Paris, December 5, 2014
Q. – Vladimir Putin is laying into America and Europe, which, according to him, want to weaken and encircle Russia. He says he’s got the military means to respond to enemies. Are we on a course of war or confrontation with Russia?
THE MINISTER – Clearly we’re in a state of tension – unfortunately, I’d say, because as far as France is concerned we’re very long-standing friends of Russia; that goes back, as you remember, to de Gaulle and even before him.
Q. – Napoleon…
THE MINISTER – But it’s true that Russia has recently made gestures that can’t be tolerated – the annexation of Crimea, for example –, and this creates a climate of tension. We’ve always applied firmness towards Russia and at the same time dialogue. But it takes several, or at least two, to talk. In any case, we’re open to anything that might lead to an easing of tension.
Q. – Is it now a partner or an enemy of France?
THE MINISTER – No, it’s a partner. A difficult partner.
Q. – Alexander Orlov, Putin’s Ambassador to France, who was Thomas Sotto’s guest earlier, is calling for reconciliation. Is an independent France ready for this?
THE MINISTER – France is of course independent, and France is always ready to have good relations with Russia. But in international affairs there are things that are unacceptable, including the behaviour shown on Crimea, and then the tension in the east [of Ukraine].
Nevertheless we have – although I’m being cautious – good news that I’ve been informed of. It appears there should be an agreement on 9 December for a comprehensive ceasefire between the separatists and the Ukrainian authorities. I hope this happens. But we want an easing of the tension, although we can’t stand by and not react.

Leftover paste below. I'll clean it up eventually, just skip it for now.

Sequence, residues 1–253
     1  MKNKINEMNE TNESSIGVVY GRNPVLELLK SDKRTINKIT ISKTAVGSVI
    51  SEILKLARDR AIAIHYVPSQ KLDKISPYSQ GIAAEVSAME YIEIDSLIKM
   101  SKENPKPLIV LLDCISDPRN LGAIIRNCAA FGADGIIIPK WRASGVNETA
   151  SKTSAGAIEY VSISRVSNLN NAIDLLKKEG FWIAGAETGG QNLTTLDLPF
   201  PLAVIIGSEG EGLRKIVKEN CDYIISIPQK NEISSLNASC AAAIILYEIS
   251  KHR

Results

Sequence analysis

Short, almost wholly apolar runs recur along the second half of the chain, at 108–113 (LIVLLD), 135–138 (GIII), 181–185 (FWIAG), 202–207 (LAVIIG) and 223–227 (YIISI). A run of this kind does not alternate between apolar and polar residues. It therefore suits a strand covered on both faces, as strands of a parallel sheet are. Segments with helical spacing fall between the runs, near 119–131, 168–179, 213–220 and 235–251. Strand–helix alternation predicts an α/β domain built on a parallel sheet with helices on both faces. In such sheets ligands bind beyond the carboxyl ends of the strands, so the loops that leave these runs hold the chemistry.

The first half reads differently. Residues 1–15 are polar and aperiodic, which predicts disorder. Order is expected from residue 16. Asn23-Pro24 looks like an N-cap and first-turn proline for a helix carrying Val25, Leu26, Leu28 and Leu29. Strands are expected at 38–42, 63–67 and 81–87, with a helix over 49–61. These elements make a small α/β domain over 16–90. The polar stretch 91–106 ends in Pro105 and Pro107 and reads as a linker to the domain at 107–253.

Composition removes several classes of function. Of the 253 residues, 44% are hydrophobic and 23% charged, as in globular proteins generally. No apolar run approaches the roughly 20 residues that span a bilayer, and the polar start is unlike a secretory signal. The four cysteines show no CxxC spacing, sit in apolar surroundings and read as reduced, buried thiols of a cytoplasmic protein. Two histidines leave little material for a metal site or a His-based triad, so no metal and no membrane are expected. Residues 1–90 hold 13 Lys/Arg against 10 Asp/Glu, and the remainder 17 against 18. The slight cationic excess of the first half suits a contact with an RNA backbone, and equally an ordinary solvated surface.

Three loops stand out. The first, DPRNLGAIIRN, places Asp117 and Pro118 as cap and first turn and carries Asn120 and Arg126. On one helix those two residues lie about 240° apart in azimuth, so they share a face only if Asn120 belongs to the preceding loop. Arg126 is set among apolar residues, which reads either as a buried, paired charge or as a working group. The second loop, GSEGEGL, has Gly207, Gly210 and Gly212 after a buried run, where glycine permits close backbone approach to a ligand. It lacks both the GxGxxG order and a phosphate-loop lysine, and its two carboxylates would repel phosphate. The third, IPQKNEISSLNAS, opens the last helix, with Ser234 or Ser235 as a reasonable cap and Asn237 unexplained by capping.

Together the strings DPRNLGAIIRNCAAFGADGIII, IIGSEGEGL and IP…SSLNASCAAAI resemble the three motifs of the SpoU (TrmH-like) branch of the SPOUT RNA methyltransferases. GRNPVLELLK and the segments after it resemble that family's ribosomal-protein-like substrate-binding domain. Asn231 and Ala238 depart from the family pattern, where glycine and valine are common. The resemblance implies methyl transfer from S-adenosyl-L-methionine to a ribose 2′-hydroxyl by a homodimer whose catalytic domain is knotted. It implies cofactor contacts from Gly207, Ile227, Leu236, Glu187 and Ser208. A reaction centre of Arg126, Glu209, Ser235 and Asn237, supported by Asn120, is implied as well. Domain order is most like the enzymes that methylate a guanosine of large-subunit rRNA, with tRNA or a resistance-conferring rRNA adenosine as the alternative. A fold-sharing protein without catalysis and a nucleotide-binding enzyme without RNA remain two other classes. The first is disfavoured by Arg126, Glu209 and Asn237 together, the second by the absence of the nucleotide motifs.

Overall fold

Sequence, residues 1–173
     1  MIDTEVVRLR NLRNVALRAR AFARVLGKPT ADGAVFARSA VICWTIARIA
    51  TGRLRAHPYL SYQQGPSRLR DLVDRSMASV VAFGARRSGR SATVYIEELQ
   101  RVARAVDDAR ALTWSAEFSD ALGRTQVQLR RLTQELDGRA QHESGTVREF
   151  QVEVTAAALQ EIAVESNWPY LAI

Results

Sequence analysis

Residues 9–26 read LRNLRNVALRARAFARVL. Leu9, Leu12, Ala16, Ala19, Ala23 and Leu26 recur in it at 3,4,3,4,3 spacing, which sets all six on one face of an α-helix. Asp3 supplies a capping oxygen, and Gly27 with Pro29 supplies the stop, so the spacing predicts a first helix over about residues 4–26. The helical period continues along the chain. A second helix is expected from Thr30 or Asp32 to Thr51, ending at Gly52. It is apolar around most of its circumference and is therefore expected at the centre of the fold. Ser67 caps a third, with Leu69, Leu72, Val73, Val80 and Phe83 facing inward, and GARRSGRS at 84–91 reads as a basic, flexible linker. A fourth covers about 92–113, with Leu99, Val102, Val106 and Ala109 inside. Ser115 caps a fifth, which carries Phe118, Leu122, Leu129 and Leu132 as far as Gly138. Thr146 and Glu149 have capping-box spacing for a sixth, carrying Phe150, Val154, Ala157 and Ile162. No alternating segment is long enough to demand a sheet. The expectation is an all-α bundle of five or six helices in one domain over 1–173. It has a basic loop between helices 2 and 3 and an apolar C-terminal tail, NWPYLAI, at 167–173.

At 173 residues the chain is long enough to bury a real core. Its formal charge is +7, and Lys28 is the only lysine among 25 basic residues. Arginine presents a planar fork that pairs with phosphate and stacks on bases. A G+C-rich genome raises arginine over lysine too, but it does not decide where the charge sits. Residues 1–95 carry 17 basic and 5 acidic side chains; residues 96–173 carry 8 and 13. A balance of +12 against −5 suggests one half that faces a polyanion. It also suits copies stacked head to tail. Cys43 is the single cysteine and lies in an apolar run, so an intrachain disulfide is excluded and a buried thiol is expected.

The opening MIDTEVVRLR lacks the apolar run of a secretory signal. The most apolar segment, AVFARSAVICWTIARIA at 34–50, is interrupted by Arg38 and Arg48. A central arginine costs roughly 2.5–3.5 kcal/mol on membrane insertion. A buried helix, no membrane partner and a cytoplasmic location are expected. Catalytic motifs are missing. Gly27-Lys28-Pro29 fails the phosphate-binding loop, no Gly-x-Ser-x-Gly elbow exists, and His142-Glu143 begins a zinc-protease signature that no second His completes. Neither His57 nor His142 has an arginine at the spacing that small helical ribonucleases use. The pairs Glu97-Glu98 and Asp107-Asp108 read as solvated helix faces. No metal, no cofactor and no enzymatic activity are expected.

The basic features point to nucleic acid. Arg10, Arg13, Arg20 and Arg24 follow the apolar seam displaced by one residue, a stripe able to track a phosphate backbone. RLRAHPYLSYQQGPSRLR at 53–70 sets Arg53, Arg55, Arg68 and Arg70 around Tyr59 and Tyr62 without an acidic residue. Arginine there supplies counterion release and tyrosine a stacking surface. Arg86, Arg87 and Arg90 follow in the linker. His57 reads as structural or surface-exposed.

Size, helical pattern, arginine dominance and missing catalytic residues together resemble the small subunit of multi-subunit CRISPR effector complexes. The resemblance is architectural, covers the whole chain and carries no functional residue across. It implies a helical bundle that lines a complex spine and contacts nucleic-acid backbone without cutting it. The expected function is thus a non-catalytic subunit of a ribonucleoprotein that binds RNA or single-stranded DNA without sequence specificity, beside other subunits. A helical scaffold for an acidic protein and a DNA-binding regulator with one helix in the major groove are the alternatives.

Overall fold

Q. – If the 9 December ceasefire works, does that mean an independent France will ease the sanctions that are weakening Russia’s economy and pander to Russian nationalism?
THE MINISTER – We’re not at that stage at all. An agreement has been signed, the Minsk agreement, which provides for a whole series of things that would really enable a lasting reduction in tension in Ukraine. It’s this Minsk agreement that must be respected.
Q. – And is France ready for, as Orlov was asking earlier, gestures of reconciliation, [so as] not to isolate Putin and be Putin’s enemy?
THE MINISTER – France has always been open, but at the same time you have to be extremely firm when there are attitudes that are unacceptable. (…)
Q. – Alexander Orlov was talking earlier about the Mistrals, about the Mistral that hasn’t been delivered to Russia as agreed; he was saying Russia barely has patience for a few weeks before it demands compensation. (…) What’s your reply to him?
THE MINISTER – The same as the French President’s: namely that under the present conditions, consideration is suspended. If the conditions change… but that requires in particular the implementation of the Minsk agreement, which I was talking about earlier.
Q. – And the 9 December agreement – if there’s a ceasefire on 9 December – is a positive factor.
THE MINISTER – It’s a factor, but it’s not sufficient./.